Sao Paulo: Argentina and the Nethrlandes prepare to meet again on South American soil in Wednesday`s second World Cup semi-final, 36 years on from their encounter in the final of the controversial 1978 tournament in Buenos Aires.
A World Cup played out uneasily in a country under the grip of a brutal military dictatorship culminated in the hosts beating the Dutch 3-1 after extra time in the hostile environment of the Monumental Stadium, with Mario Kempes scoring twice.
For the Dutch, it was a second consecutive final defeat, after their 2-1 loss to West Germany in 1974, but no European side has come so close to winning the World Cup in South America.
The Dutch squad was missing Johan Cruyff but otherwise it was much the same as that of four years earlier, with seven players starting both finals, including captain Ruud Krol and Rob Rensenbrink.
Kempes put Argentina ahead, but substitute Dick Nanninga equalised and Rensenbrink then hit the post in the dying seconds for the Dutch.
It was an agonising miss, and Argentina took full advantage to secure their first World Cup in extra time as tournament top scorer Kempes netted again before Daniel Bertoni added another.
The result left a bitter taste in the visitors` mouth, as they claimed they were unsettled when the Argentines stalled the start of the match by complaining about a plaster cast on Rene van de Kerkhof`s wrist.
"I am sure they prepared everything beforehand. They made us wait and the referee did nothing," said Krol later in David Winner`s book Brilliant Orange.
Krol also said the Argentines had pressured FIFA into selecting Italy`s Sergio Gonella to referee the match. And that was not the only claim made that the hosts, perhaps with the influence of dictator Jorge Videla`s military government, had manipulated their way to final victory.
Indeed, in their final game of the second group stage, Argentina knew they needed to beat Peru by four clear goals to pip Brazil to a place in the final. In the end, they put six unanswered goals past Peru`s Argentine-born goalkeeper Ramon Quiroga.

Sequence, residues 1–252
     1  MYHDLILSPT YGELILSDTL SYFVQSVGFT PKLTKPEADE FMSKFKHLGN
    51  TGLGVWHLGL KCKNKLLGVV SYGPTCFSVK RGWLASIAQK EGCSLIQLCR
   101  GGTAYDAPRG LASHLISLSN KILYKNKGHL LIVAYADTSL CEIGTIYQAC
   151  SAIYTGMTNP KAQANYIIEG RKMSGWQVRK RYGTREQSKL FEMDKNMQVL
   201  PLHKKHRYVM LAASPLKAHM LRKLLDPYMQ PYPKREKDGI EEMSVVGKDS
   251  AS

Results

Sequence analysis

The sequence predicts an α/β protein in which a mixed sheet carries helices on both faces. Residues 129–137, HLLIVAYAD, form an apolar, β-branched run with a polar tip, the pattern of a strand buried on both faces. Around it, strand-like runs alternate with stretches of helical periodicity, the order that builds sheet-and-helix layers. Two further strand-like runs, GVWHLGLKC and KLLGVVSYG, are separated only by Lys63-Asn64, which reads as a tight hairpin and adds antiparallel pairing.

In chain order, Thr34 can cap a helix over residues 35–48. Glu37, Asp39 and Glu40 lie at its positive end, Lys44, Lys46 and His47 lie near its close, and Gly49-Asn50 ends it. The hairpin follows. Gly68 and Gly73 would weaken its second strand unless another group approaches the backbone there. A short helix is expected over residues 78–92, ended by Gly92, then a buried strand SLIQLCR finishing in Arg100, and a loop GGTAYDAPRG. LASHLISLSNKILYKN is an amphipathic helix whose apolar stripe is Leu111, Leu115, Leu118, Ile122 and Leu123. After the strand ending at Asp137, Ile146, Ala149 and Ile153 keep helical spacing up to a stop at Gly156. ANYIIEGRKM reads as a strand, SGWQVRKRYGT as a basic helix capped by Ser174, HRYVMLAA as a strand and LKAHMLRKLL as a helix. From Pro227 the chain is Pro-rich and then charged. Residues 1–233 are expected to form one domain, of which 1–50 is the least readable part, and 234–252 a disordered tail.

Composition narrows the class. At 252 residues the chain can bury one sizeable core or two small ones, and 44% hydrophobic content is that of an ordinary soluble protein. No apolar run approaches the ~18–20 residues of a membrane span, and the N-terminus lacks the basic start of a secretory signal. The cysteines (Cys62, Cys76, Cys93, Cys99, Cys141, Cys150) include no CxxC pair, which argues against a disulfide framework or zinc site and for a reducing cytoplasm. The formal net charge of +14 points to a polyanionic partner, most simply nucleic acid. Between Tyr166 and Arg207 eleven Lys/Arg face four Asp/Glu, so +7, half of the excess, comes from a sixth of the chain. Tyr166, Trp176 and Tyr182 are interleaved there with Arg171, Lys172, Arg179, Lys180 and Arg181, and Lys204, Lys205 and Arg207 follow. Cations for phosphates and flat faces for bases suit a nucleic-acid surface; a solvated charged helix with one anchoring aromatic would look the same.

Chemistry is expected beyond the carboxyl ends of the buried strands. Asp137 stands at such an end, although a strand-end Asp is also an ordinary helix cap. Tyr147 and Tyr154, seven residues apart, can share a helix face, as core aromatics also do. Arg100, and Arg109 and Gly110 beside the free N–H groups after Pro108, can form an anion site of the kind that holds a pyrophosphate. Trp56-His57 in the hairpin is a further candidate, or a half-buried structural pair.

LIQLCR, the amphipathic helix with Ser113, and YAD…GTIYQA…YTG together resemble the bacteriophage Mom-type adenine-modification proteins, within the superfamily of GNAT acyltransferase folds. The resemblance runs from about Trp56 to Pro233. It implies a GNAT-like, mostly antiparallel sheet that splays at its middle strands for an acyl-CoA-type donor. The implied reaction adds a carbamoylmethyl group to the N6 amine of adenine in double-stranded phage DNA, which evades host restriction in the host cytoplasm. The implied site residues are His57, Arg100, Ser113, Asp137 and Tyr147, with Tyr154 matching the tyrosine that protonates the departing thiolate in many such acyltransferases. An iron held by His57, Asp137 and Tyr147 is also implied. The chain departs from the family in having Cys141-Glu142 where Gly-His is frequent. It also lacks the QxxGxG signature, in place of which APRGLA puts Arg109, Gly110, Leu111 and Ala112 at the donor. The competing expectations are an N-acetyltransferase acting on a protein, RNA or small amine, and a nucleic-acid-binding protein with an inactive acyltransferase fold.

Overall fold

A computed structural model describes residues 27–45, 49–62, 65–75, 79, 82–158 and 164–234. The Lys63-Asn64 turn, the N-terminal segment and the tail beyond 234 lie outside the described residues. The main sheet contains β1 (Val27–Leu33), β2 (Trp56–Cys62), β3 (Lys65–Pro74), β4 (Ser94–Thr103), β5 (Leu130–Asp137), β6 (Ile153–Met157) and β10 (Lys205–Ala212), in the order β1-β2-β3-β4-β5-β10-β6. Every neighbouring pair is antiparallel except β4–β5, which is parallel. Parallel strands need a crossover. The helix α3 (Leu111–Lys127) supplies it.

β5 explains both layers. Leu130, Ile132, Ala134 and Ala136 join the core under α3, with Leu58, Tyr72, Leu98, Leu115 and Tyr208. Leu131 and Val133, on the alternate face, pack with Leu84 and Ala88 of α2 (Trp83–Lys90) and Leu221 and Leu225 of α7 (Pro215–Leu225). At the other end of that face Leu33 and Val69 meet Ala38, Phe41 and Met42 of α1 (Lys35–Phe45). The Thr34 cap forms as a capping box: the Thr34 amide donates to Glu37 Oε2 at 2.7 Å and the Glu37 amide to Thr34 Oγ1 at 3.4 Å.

Come the final itself, the intimidating atmosphere left its mark on the Dutch, with Rensenbrink left to wonder how they might have made it out of the stadium had his last-minute shot gone in.
"If it had gone in, we would have won. We would have been World Champions in Argentina. It's a pity," he said in Brilliant Orange.
"Though they were pretty crazy, those Argentinians. If we'd won, going back to the hotel would have been a dangerous trip."
It took Cruyff 30 years to dispel suggestions that he had refused to travel to Argentina because of his opposition to the dictatorship when in 2008 he told Catalunya Radio that he wanted to stay with his family after they were subjected to a kidnap attempt in Barcelona.
But the spectre of Videla's government hung over the competition, and the Dutch even led calls for a boycott before it started.
Argentina were awarded the right to host the finals in 1966, before Videla came to power in a coup d'etat.
The brutal 'Dirty War' followed, in which his regime committed many horrific crimes, including the forced disappearance of thousands of opponents.
Some were held and tortured at the notorious Naval Mechanics School, from where the cheers from the nearby Monumental Stadium could be heard on June 25, 1978.
"With what I know now, I can't say I'm proud of my victory.
But I didn't realise. Most of us didn't. We just played football," striker Leopoldo Luque said years later, after the dictatorship's crimes and alleged interference in the competition came to light.